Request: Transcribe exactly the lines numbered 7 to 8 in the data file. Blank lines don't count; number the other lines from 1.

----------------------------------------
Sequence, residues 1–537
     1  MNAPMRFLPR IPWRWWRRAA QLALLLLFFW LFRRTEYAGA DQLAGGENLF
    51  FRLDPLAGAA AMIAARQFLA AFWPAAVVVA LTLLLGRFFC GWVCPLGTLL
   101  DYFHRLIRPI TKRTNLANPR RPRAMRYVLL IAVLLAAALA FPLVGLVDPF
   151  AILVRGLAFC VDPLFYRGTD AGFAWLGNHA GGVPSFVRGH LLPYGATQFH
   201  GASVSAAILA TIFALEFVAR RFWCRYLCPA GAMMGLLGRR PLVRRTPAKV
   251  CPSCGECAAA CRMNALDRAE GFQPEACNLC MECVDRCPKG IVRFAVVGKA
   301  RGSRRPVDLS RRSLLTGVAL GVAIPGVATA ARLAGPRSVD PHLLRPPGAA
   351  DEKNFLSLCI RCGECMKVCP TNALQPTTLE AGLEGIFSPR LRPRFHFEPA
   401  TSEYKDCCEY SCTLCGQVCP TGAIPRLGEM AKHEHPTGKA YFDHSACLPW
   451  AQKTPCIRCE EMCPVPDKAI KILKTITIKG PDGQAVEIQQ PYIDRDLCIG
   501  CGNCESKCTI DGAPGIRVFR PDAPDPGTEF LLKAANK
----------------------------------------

   251  CPSCGECAAA CRMNALDRAE GFQPEACNLC MECVDRCPKG IVRFAVVGKA
   301  RGSRRPVDLS RRSLLTGVAL GVAIPGVATA ARLAGPRSVD PHLLRPPGAA